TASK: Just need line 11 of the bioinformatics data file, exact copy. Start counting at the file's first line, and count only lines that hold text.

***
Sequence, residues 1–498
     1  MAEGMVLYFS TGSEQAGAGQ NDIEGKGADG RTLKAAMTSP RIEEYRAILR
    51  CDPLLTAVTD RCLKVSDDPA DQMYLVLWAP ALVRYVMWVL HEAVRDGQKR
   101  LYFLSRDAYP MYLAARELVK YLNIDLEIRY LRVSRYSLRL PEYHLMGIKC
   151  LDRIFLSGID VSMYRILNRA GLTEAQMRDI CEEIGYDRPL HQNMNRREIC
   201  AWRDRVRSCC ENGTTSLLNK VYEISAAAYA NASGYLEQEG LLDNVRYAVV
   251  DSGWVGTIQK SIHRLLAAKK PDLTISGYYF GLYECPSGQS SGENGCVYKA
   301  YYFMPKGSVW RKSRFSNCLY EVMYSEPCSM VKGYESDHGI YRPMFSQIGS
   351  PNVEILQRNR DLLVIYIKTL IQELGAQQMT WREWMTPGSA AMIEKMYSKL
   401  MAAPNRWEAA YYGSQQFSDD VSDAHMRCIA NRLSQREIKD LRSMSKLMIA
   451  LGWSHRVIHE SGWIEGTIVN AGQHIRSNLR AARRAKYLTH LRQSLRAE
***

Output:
   451  LGWSHRVIHE SGWIEGTIVN AGQHIRSNLR AARRAKYLTH LRQSLRAE